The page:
Finnish label Iittala has created a beautiful new set of tableware called Sarjaton, which be available from September 2012. Translated, Sarjaton means ‘without series’, a reference to the authenticity of the design language and the mix-and-match quality of this well-considered ensemble. I love the simple and elegant design and the beautiful soft colors that really match very well together.
Iittala has brought together six young Finnish designers from fashion, product, graphic and digital design to create this collection with not only an inherent respect for craftsmanship and dining rituals, but also a respect for the values that enrich contemporary living.
This lovely house is located on the Greek island of Sifnos. The dry stone cottage is overlooking terraced hills and is set in the middle of olive trees. After spending his summers in Greece for years, owner Aix decided to renovate this more than a century old home and use it as a family holiday home
This kitchen is simple but oozes rustic charm.
The sofa is made of a masonry bench covered with a sheet of linen and cushions made from tea towels. Furniture and objects are from flea markets and local bazaars. And as is tradition, each year the walls are whitewashed to protect the house from heat while flooding it with light.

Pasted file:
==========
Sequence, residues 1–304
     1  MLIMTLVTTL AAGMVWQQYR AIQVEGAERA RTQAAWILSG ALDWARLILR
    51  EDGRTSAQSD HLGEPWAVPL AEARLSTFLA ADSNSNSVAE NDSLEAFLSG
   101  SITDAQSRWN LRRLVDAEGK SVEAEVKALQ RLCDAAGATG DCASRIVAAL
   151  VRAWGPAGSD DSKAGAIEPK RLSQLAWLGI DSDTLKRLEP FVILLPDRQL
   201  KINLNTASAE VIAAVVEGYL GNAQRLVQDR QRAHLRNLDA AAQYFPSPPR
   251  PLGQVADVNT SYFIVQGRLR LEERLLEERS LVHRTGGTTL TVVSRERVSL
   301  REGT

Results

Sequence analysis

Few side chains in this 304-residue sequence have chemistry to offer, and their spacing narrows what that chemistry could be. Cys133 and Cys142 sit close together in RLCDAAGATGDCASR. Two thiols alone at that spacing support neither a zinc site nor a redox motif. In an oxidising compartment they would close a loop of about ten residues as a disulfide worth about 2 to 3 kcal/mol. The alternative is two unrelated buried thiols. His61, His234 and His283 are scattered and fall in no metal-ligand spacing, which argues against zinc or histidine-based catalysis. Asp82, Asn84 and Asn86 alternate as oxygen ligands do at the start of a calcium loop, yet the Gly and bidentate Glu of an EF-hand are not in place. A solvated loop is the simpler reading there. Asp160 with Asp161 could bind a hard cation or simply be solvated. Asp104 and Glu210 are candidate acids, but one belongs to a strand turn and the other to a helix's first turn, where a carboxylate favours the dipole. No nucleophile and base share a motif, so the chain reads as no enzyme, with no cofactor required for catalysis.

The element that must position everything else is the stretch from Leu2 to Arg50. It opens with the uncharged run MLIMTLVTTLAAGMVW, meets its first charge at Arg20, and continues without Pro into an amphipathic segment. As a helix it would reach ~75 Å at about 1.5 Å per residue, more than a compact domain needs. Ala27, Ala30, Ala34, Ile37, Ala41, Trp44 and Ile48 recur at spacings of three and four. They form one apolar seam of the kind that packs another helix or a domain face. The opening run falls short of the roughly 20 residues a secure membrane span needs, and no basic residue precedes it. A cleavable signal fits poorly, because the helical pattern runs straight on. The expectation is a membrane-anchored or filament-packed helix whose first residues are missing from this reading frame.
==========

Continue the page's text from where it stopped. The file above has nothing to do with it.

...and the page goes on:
The original layout was preserved, with its small rooms arranged around a garden courtyard that allows everyone to move freely and live at their own pace.
Today I’m loving … these new designs by ixxi. With this special design called Loco by Studio Boot, you can create more than 32.642 geometric designs. This collection of modular tiles (made from synthetic paper) are available in neon yellow, pink, orange, red, green, white and warm gray. More information can be found the ixxi website.
Ochre Barn is a multi purpose development: it houses a retreat, studio space and private residential accommodation for architect Carl Turner and his partner Mary Martin. The gorgeous barn is tucked away in the rural country side of Norfolk, England.
When renovating the barn the original exterior was maintained as if it were a listed historical structure and the interior has been lined with particular attention given to highlight and expose the original bull nose brick details.
Next to Ochre Barn, a new barn (the black one) was built. It only cost about $48,000 to build, which was incredibly cheap,” says Turner. “We got the Timber Frame Company to supply the shell, then we clad it and fitted out the interior and windows ourselves.